So if private developers don’t decide to build in San Francisco—even when they have already gone through all of the allegedly obstructive process and have their entitlements—the state will blame the city.
Because of various complex numbers in the Housing Element, Pappas said, the state is going to mandate building permits for 29,000 units by 2027. About half will need to be affordable housing.
If that doesn’t happen—and I don’t know any reasonable person who thinks this is remotely possible in today’s market and with existing resources—then there are two possible outcomes:
The city could even further open up zoning rules and further remove “obstacles” like public hearings and community input, in the desperate hope that developers would then start building. Among the obstacles that the city could remove are the affordable-housing inclusionary rules, meaning even less affordable housing would be built. The city could be forced to allow more development in more areas, which could mean demolitions of existing housing and neighborhoods.
(For the record, I am not against density, and I agree that the West Side of town should have more housing, but it’s clear that density doesn’t always means affordability. This is, in the end, all about developer profits.)
Or the state could decertify the Housing Element, at which point all local rules are off, and the Builder’s Option will take effect.
Pappas and Chion told me they don’t think the Builder’s Option is likely. I hope they’re right. But it’s exactly what state legislation allows.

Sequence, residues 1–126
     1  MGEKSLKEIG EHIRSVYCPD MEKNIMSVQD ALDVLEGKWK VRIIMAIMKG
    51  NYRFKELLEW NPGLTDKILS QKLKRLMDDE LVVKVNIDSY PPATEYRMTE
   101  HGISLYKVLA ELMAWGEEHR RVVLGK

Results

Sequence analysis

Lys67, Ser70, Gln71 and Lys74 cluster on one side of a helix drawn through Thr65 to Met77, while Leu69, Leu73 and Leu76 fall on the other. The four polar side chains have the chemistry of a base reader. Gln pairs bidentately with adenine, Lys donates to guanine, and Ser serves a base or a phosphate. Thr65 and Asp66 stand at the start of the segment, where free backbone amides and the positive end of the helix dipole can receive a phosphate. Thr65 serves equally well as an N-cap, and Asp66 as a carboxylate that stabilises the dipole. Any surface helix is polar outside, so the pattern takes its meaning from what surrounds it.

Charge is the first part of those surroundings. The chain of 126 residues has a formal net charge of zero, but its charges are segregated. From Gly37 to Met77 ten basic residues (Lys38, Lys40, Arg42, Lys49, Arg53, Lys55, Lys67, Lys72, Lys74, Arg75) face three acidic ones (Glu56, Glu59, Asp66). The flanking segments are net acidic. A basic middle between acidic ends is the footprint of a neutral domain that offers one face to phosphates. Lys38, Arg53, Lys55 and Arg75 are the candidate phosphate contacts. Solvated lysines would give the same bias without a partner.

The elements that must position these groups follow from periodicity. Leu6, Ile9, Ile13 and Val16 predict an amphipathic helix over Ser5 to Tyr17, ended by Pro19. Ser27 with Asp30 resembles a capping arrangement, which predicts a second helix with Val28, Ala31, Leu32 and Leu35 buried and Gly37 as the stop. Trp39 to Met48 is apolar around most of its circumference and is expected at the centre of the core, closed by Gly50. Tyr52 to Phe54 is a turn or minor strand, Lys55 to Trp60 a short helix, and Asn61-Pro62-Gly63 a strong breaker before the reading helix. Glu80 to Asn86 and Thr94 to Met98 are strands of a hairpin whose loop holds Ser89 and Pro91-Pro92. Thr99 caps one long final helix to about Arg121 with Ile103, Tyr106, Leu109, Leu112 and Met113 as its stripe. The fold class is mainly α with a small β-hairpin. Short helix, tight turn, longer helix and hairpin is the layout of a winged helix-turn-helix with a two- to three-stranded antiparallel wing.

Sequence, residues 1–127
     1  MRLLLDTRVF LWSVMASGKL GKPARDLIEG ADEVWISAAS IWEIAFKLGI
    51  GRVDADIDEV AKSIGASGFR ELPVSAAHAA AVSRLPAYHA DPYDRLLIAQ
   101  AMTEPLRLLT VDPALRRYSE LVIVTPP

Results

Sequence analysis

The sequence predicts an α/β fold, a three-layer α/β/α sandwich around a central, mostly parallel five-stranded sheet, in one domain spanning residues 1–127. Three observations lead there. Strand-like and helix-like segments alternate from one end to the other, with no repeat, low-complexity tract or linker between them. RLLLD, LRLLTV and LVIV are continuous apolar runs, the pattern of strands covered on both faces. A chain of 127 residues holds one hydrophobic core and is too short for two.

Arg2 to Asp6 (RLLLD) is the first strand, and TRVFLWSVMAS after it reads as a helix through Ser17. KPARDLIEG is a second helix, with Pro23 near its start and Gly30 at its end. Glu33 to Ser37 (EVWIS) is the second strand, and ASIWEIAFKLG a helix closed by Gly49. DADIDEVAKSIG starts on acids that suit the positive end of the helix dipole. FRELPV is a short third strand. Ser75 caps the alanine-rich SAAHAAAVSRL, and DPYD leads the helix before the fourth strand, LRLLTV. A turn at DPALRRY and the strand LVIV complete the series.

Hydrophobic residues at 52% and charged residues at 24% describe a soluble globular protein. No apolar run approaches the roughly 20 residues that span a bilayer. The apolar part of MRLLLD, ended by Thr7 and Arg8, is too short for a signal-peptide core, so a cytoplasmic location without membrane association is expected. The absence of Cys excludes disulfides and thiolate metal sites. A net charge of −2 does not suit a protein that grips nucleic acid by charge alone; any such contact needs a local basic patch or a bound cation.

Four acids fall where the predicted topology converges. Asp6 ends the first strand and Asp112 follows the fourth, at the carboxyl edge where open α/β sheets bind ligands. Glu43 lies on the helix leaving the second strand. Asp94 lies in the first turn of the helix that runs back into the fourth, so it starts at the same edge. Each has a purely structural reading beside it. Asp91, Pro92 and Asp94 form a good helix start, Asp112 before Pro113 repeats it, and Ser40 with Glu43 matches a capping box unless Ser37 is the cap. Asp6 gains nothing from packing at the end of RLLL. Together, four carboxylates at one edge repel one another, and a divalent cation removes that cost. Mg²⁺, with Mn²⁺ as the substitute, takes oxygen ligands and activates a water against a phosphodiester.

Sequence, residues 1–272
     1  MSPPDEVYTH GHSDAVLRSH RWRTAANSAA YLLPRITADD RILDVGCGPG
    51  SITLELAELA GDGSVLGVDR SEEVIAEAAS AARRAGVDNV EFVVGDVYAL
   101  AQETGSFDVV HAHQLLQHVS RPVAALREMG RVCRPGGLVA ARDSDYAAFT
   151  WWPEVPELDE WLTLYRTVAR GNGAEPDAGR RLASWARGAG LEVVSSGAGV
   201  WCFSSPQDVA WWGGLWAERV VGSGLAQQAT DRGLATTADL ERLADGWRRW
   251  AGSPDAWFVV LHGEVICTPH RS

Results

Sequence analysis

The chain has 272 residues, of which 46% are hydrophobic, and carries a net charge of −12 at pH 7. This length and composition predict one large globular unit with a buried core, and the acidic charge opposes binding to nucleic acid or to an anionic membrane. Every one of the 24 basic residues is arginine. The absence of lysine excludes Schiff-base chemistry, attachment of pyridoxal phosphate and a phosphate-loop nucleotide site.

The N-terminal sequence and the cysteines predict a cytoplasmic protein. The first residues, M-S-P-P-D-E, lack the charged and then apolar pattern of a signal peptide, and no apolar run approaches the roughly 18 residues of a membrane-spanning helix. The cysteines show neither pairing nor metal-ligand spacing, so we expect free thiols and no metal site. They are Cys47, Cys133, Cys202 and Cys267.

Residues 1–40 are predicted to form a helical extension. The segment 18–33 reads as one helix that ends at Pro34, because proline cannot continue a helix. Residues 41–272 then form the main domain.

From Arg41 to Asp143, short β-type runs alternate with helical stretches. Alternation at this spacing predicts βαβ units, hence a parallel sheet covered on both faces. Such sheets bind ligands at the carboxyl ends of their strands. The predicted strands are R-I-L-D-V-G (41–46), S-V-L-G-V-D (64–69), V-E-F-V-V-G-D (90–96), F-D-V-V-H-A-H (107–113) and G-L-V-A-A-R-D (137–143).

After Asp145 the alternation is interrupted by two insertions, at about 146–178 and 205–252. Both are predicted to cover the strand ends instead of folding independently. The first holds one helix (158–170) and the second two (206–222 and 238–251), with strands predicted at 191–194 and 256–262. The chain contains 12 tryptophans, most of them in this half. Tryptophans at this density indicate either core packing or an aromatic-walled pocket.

Oh, and the planners didn’t suggest this, but at least one developer has: The private developers could demand city subsidies for their profit-making housing, and threaten not to build if we all don’t go along.
So let’s sum this up: The state Legislature, led by the city’s own delegation, has set an impossible bar for San Francisco to meet, and is prepared to impose severe penalties if the city doesn’t meet it—even if that failure is due to factors entirely beyond the city’s control.
I am not a conspiracy theorist; really, I’m not. But I do believe that powerful political players often have plans and schemes that they keep secret.
If I were a big developer in San Francisco today, and I had some entitled projects ready to break ground, I could see a really strong argument for holding off, waiting a few years, and forcing the city to fail in its RHNA goals—so that I could make more money in the future by building housing with no local oversight at all.
If I were thinking that way, I would encourage the mayor to support Wiener’s Yimby approach, which she has. I would be thrilled to see a Housing Element with ambitious goals that I would encourage the mayor to make sure the city can’t meet.
Then in four years, either I would get public subsidies, or be exempt from any affordable-housing requirements—or San Francisco would become the equivalent of Houston, with no local controls on building housing, and I could go to town. (San Francisco could still have zoning, but no other requirements for housing—and the state would push back on any zoning that it finds to be an “obstruction.”)
But that sort of thing doesn’t really happen. Right?